Archive for the ‘SQLite’ Category.

Core Data error: The operation couldn’t be completed. (Cocoa error 19.)

Well, it has been over a year since I last had a customer with a corrupted database problem. Which means that I guess I was overdue. And what problem it is.

My customer is reporting that they now get the following error on their iPad when they try to do something with their database:

cocoa_error_19

Just in case you can’t read the text in the photo, it says:

The operation couldn’t be completed. (Cocoa error 19).

After some trouble getting the file (it is over 4 GB, not easy to e-mail), I saw a bunch of errors pop up in my debug console, including the dreaded “The database disk image is malformed”, which to me indicated that I needed to try and repair the database file. So I punched up my blog post from February of last year to try and run a repair on it.

Unfortunately, I ran into one dead end after another. I was able to dump the data out of the original database file, which produced a text file of over 8 GB. However, no matter what I tried to do to import this data back into a new database, I would end up with an empty new database.

On a lark, I decided to switch to Windows to try and fix the database file. After downloading the tools from the SQLite web site, Here is what I ended up with on my Windows computer:

C:\database>dir
 Volume in drive C is Windows7_OS
 Volume Serial Number is 50B0-39AA
 
 Directory of C:\database
 
03/14/2014  06:27 PM    <DIR>          .
03/14/2014  06:27 PM    <DIR>          ..
03/14/2014  06:16 PM     4,251,181,056 DB.sqlite
03/11/2014  11:33 AM           536,064 sqlite3.exe
03/11/2014  11:34 AM         1,388,032 sqlite3_analyzer.exe
               3 File(s)  4,253,105,152 bytes
               2 Dir(s)  240,466,235,392 bytes free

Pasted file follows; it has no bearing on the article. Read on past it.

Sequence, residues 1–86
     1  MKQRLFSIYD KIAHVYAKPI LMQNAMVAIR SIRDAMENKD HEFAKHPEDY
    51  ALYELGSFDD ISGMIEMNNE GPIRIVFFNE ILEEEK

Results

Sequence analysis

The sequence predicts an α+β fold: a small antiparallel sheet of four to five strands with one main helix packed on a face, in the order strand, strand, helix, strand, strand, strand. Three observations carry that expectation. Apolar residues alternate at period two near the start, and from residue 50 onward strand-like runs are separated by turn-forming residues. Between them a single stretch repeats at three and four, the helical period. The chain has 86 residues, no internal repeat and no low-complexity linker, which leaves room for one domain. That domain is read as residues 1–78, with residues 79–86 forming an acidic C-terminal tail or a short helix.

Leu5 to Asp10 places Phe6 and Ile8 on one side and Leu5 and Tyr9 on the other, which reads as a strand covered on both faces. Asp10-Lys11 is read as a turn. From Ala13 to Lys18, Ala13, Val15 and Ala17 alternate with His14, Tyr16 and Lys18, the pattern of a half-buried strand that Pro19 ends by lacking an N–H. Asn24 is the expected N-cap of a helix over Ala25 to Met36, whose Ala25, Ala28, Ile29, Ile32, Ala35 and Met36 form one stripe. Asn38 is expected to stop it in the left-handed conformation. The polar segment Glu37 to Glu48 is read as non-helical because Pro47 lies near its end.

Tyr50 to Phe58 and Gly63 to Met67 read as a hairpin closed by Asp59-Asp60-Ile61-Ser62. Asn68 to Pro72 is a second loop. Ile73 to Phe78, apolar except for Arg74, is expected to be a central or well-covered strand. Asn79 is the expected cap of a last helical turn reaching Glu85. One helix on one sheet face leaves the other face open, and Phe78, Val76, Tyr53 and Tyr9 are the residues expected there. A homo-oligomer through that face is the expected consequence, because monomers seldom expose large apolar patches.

So I fired up a command prompt and tried to run some SQLite commands:

C:\database>sqlite3
SQLite version 3.8.4.1 2014-03-11 15:27:36
Enter ".help" for usage hints.
Connected to a transient in-memory database.
Use ".open FILENAME" to reopen on a persistent database.
sqlite> .open DB.sqlite
sqlite> .tables
.
.
Some table names listed here
.
.
sqlite> pragma integrity_check;
*** in database main ***
On tree page 1033353 cell 0: Failed to read ptrmap key=-280958431
On tree page 1033353 cell 0: 152 of 407 pages missing from overflow list starting at 1037333
Page 1037588 is never used
Page 1037589 is never used
.
.
You get the idea...
.
.
Page 1037684 is never used
Page 1037685 is never used

After going through the series of steps that I outlined in my message from last year, it appeared to process the 8 GB text file into a new database that was almost the same size as the original database file. Here was what my directory then looked like:

C:\database>dir
 Volume in drive C is Windows7_OS
 Volume Serial Number is 50B0-39AA
 
 Directory of C:\database
 
03/14/2014  06:45 PM    <DIR>          .
03/14/2014  06:45 PM    <DIR>          ..
03/14/2014  06:41 PM     8,428,761,778 dump_all.sql
03/14/2014  06:16 PM     4,251,181,056 DB.sqlite
03/14/2014  06:45 PM     4,239,932,416 DB2.sqlite
03/11/2014  11:33 AM           536,064 sqlite3.exe
03/11/2014  11:34 AM         1,388,032 sqlite3_analyzer.exe
               5 File(s) 16,921,799,346 bytes
               2 Dir(s)  227,795,791,872 bytes free

This had me feeling pretty good. Just to check, here is what I did next:

C:\database>sqlite3 DB2.sqlite